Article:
The Gaping Hole In Rove’s Defense

Yesterday, Karl Rove testified for almost four hours before a federal grand jury about his previous statements pertaining to the leak of an undercover CIA agent’s identity. Rove offered this stunning defense:

Rove’s testimony focused almost exclusively on his conversation about Plame with Time magazine reporter Matthew Cooper in 2003 and whether the top aide later tried to conceal it, the source [close to Rove] said. Rove testified, in essence, that “it would have been a suicide mission” to “deliberately lie” about his conversation with Cooper because he knew beforehand that it eventually would be revealed, the source said.

Rove wants the grand jury to believe that he wouldn’t have lied in 2003 about his role in the Plame affair because he knew journalists would ultimately tell the truth. But in fact, President Bush and the White House believed in 2003 that journalists would remain silent about the case and would refuse to name their sources:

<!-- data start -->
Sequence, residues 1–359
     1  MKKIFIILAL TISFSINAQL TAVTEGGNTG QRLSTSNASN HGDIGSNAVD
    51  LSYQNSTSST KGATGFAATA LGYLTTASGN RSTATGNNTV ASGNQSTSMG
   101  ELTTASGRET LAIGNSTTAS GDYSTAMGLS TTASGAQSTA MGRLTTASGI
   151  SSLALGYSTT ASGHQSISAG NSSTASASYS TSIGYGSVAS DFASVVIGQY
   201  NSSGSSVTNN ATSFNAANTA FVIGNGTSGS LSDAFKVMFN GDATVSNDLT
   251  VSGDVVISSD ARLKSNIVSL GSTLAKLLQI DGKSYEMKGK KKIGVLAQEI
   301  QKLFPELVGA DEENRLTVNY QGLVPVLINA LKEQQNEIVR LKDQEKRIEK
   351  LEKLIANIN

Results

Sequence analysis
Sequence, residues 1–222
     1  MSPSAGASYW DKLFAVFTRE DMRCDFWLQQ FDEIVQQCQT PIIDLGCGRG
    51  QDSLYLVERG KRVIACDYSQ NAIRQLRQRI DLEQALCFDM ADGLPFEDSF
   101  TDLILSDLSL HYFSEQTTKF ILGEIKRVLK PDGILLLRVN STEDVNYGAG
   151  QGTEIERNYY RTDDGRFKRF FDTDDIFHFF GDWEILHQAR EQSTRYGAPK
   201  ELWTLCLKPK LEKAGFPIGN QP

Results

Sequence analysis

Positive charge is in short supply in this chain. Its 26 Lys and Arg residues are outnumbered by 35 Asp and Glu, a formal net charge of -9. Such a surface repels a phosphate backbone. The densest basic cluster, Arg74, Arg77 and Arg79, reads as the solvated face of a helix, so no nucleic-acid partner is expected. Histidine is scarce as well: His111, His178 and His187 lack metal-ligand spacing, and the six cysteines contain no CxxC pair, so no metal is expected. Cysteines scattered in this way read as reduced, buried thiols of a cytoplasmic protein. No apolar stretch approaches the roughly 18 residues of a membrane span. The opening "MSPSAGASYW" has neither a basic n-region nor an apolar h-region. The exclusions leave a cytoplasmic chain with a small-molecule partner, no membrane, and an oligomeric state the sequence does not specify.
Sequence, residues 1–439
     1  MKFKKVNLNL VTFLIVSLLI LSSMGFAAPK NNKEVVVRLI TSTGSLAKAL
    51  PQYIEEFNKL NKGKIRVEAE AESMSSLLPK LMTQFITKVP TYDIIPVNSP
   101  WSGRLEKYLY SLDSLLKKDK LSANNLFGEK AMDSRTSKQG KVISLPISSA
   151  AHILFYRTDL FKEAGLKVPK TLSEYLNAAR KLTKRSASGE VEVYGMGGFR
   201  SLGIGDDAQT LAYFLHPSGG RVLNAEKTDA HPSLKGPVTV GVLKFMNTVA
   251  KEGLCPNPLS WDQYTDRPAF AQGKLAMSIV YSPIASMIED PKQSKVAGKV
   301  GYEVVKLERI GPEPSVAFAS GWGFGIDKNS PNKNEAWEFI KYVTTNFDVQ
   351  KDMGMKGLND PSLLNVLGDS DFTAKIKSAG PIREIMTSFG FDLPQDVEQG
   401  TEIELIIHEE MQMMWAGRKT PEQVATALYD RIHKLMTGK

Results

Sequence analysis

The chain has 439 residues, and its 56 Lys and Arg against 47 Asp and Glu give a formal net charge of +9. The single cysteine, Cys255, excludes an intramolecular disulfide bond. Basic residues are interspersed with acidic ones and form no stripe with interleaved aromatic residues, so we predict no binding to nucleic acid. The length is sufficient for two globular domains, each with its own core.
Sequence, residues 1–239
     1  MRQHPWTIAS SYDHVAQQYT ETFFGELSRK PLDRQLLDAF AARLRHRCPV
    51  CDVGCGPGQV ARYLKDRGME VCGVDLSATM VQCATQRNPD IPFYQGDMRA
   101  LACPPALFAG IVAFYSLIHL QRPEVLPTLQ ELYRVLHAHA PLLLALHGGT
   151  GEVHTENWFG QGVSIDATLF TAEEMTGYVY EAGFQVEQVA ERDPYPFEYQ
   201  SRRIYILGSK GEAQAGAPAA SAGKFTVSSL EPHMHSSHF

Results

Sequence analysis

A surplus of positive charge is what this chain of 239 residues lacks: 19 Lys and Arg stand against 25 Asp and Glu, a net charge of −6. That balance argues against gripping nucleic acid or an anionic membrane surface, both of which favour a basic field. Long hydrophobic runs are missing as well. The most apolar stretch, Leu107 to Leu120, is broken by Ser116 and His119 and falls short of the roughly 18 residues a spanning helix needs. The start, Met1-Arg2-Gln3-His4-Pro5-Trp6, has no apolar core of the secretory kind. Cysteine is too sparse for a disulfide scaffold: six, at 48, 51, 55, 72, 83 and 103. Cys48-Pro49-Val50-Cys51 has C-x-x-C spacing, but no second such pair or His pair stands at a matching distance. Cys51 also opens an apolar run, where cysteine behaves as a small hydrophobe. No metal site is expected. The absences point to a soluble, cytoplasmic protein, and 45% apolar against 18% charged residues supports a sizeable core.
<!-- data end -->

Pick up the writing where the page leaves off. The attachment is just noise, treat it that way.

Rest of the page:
“I have no idea whether we’ll find out who the leaker is — partially because, in all due respect to your profession, you do a very good job of protecting the leakers.” [Bush, 10/7/03]

Rove was first interviewed by the FBI around the same time that Bush made this statement. All throughout late-2003 (when Ashcroft was still heading the investigation), the White House had reason to believe that the Plame investigation was not going to seek the testimony of reporters. Recall, special prosecutor Patrick Fitzgerald was not even appointed until the beginning of 2004. The Philadelphia Inquirer reported it wasn’t until 2004 that journalists were contacted to testify.

The evidence suggests that when Rove testified in October 2003, he did not believe Matt Cooper would be ultimately be forced to testify against him in July 2005.